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Military releases names of Air Force captains killed in helicopter crash

Capt. David Domagala and Capt. Marc Larouche died when Chinook went down near Petawawa
Captains David Domagala, left, and Marc Larouche are seen in a composite image of two undated handout photographs. THE CANADIAN PRESS/HO-DND, Larouche family

The military has released the names of the two Royal Canadian Air Force members who were killed in a helicopter crash in eastern Ontario on Tuesday.

Capt. David Domagala and Capt. Marc Larouche were taking part in a nighttime training exercise near Garrison Petawawa when their CH-147F Chinook helicopter crashed into the Ottawa River.

Their families have allowed the military to share their names publicly.

Larouche, 53, was originally from Amos, Que., and joined the 450 Tactical Helicopter Squadron in 2016.

He earned a private pilot’s license before joining the Armed Forces in 1989, and got his pilot’s wings four years later.

In addition to the Chinook, Larouche flew the CH-135 Twin Huey and the CH-146 Griffon, amassing more than 6,700 flying hours during his 33 years of service.

He was deployed to Somalia as part of Operation Deliverance, and was part of Operation Podium during the Vancouver Olympics and Paralympics.

Larouche was awarded a Command Commendation from the Canadian Special Forces Operations Command for outstanding service to the Special Operations Aviation Squadron.

Domagala, 32, was from Woodstock, Ont., and joined the reserves in 2008. He joined the 450 Squadron in 2019, after graduating from Royal Military College in 2016 and completing his pilot training. He was nearing completion of a Master’s degree from the college.

Domagala received a Commander Commendation from the Canadian Joint Operations Command after he was deployed to Egypt on Operation Calumet, a peacekeeping operation Canada has been part of since 1985.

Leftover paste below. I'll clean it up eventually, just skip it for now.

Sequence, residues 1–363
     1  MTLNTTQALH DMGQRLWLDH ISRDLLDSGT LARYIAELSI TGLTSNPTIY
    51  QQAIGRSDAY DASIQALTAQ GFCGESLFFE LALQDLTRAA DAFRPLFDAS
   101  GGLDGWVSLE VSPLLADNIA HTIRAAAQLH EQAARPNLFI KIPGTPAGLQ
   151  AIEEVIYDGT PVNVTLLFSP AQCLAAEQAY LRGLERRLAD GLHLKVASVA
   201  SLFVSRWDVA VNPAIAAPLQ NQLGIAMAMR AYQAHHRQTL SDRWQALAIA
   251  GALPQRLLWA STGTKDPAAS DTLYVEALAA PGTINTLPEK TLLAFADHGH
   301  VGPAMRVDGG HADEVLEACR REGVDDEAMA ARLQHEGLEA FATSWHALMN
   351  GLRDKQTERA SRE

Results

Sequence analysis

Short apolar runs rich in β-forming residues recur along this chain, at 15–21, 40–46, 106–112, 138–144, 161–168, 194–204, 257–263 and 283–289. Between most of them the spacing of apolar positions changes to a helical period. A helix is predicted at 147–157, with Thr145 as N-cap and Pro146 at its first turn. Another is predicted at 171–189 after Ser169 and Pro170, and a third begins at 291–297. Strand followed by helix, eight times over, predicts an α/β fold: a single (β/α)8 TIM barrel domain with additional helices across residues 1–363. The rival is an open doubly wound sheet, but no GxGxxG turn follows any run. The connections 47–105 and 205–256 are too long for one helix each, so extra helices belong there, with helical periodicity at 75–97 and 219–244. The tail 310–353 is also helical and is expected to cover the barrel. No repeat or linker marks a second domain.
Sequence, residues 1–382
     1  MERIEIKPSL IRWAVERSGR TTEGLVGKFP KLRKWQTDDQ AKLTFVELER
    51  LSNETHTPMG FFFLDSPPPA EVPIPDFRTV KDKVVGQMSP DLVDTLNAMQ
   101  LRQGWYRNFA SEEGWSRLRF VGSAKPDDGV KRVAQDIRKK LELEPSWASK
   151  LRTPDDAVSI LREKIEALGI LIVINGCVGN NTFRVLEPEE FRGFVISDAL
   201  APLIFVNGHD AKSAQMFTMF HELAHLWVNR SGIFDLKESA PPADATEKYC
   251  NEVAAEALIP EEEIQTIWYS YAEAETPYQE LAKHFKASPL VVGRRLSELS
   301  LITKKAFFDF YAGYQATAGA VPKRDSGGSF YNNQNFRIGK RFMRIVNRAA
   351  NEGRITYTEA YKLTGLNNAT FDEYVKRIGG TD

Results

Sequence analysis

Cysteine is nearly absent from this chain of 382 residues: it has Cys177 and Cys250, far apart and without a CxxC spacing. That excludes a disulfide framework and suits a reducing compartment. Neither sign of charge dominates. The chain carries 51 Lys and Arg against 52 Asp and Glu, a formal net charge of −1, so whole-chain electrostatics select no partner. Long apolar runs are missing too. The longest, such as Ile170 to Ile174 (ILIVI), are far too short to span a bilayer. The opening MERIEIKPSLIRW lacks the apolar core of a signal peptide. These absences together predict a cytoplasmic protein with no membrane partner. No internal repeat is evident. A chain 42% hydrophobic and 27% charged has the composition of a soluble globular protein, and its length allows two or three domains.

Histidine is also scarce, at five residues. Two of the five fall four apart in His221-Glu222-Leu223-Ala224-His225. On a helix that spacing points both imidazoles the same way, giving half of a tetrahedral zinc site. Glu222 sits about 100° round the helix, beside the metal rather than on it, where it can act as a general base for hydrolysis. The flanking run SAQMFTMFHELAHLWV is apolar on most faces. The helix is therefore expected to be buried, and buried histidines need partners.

Two other crew members survived the crash and were treated in hospital for minor injuries.

The remainder of 450 Squadron had been on an operational pause as a result of the crash, but flying operations resumed Friday.

The military was conducting environmental containment and cleanup on the river as the Air Force’s directorate of flight safety worked to remove the helicopter, which was under about 21 metres of water.

A spokesperson for the Defence Department said in an email that river currents and poor visibility in the water were making that a complex undertaking. There was a black box flight recorder on board the aircraft.

Chinook helicopters are intended for transporting personnel and equipment, and have been used in response to natural disasters and emergencies across the country.

Canada’s CH-147F version has been modified specifically for long-haul flights with a larger fuel capacity.

Last year, the U.S. Air Force temporarily grounded its fleet of Chinooks after fuel leaks caused a number of engine fires. No one was injured in those incidents.

A spokesperson for the Defence Department said the Air Force was in contact with U.S. counterparts and the manufacturer, Boeing, but there were no such incidents reported on the Canadian aircraft and no work was required on the Canadian fleet.

As of Friday afternoon, there had been no word on what may have caused Tuesday’s crash.

READ ALSO: Two missing RCAF members found dead after helicopter crash near Petawawa